Mike Simonetti - "The Third Of The Storms (feat. Sam Sparro)" (Capricorn Rising)
Mike Simonetti has been a force in underground music since the mid-1990s, when his Bayonne, N..J label, Troubleman Unlimited, put out timely releases by Unwound, Black Dice and the like. In 2007, he helped build a bridge between the kaputt post-hardcore scene and dance music with a new label, Italians Do It Better, and a zeitgeist-capturing compilation called After Dark. While not an aesthetic I get a lot of mileage out of, IDIB has great taste — they released that wonderful Invisible Conga People 12” back in 2008. And its regular contributors — Chromatics, Glass Candy — have grown more interesting over time. Simonetti’s debut artist-album, Capricorn Rising, continues in the house style with twist: it’s a collection of glossy italo studded with Aquarian occultism, served up with punk roots intact.
What I mean by punk roots in this context is bucking dance-album orthodoxy. And with Capricorn Rising you get an EP that’s far from a collection of dancefloor slammers. It’s proggy in its thematic unity, but has club-ready numbers, too. You could almost call the EP’s mantra (sung by Sam Sparro) — “When the stars align / We’ll be ready when the time is right” — a motif in the classical sense, creating album-length unity. The EP takes place in the unhurried expanse of that first track, “The Third of the Storms” (an instrumental version of which rounds out the 12”), and its impression never really fades — and it helps that “Aculpoco” reprises the theme at the midway point. Where dance albums tend to focus on variety, Capricorn Rising feels more like a 40-minute song, broken up by moody digressions like “Dust Devil,” a sinister vamp that sounds primed for a Dario Argento soundtrack.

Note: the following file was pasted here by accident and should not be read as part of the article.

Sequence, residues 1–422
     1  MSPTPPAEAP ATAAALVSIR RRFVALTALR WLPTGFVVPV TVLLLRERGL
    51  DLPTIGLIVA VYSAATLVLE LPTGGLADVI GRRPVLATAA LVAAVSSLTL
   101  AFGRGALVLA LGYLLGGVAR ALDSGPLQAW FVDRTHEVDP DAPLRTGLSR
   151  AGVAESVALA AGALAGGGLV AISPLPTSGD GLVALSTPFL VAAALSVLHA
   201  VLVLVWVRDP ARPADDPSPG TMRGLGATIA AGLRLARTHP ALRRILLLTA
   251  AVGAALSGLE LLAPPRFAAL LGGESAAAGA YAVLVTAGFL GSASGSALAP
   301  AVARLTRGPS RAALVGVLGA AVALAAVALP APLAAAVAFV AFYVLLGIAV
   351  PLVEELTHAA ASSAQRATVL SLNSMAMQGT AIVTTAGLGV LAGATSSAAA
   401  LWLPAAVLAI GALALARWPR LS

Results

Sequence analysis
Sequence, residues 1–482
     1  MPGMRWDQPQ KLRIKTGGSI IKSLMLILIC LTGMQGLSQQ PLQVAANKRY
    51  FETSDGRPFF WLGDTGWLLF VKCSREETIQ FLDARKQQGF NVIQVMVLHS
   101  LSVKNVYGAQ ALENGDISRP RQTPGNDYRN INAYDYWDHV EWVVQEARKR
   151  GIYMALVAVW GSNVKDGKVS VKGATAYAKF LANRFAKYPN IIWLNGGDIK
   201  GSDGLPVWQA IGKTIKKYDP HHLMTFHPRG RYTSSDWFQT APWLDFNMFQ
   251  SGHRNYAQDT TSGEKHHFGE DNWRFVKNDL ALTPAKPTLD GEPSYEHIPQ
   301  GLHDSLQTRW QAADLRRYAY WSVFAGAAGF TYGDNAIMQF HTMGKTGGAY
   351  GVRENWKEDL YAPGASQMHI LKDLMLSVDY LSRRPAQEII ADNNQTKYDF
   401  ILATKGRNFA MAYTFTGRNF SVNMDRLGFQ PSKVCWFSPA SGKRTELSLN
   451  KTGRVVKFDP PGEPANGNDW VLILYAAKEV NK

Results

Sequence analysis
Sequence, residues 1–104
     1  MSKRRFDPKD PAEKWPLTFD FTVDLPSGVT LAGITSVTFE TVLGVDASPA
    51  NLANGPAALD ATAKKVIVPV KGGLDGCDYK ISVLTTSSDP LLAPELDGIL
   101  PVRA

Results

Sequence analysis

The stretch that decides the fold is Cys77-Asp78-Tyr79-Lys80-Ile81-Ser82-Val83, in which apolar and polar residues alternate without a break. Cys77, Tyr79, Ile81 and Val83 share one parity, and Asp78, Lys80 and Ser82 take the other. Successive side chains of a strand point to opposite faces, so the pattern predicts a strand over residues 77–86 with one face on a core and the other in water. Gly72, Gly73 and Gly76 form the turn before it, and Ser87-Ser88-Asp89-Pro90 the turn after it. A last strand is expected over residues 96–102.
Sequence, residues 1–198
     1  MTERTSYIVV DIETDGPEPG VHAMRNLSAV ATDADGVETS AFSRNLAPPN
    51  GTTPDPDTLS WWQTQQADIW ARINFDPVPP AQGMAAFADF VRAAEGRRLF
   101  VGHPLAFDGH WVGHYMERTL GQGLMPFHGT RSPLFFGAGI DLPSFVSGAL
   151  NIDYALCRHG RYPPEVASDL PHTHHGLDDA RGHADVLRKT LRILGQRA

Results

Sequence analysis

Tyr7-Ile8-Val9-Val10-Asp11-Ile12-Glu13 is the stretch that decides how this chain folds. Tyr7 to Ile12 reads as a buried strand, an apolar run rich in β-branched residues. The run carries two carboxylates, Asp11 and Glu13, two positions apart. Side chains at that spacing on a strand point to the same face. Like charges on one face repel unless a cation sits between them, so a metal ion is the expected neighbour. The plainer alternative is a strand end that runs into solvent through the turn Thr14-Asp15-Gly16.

Taken alone, the second track (“Song for Luca”) is a disco pumper, but in context, it melds with the EP’s starry-eyed, nonspecific spirituality. The EP’s sequenced in a way to emphasize symmetry: theme, disco song, an interlude, a reprise, another interlude, another disco song, theme. There may be deeper meaning to the structure, but that’s on some Kenneth Anger magick level that might be more an aesthetic matter than an alchemical one. That the sound is both retro and part of an established italo revival contributes to the sense of eternal return — a consistency that’s reminiscent of, say, that Lindstrøm’s Where You Go I Go Too. Krautrock is invoked as a model for journey listening rather than a stylistic template.
For someone who’s mostly operated behind the scenes, Capricorn Rising is an appropriately unique, curatorial way for Simonetti to introduce himself as a producer. It’s not a taste-making exercise but a self-actualizing one. If you’re the type of listener who’s down for a tarot ride into the rafters and beyond, Capricorn Rising will strike a chord.